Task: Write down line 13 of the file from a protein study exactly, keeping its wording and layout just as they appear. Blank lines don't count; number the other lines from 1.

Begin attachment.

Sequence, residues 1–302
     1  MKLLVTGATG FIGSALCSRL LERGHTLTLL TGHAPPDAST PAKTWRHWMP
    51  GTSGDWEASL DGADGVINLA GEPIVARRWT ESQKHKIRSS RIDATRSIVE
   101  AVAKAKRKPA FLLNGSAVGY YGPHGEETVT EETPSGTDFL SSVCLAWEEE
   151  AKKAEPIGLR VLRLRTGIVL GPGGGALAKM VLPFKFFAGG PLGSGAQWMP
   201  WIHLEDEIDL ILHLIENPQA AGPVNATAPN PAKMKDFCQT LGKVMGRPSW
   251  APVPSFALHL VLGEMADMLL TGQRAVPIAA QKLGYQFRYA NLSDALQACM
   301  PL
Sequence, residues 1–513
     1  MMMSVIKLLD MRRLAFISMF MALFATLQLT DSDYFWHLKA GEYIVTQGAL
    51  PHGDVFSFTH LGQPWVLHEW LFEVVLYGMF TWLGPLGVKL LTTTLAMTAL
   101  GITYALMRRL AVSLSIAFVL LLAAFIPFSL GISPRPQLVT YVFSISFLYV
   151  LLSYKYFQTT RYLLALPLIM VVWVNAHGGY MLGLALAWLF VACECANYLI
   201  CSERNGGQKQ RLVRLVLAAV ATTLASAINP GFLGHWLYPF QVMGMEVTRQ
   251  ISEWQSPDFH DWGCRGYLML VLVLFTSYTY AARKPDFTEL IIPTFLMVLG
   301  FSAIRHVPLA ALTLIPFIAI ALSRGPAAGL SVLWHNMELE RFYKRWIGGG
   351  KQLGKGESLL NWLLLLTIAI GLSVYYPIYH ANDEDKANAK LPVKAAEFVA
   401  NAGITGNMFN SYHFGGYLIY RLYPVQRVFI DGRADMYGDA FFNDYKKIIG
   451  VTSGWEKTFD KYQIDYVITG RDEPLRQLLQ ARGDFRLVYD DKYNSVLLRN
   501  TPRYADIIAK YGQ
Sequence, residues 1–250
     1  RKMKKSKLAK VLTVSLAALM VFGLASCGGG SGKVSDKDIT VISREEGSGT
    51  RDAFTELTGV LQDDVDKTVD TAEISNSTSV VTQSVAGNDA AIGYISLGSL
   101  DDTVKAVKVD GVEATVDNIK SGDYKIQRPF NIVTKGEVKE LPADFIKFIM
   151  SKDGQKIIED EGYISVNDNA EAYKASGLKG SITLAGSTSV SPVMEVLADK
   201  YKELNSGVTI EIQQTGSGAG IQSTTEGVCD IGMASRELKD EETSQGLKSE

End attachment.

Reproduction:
   151  LLSYKYFQTT RYLLALPLIM VVWVNAHGGY MLGLALAWLF VACECANYLI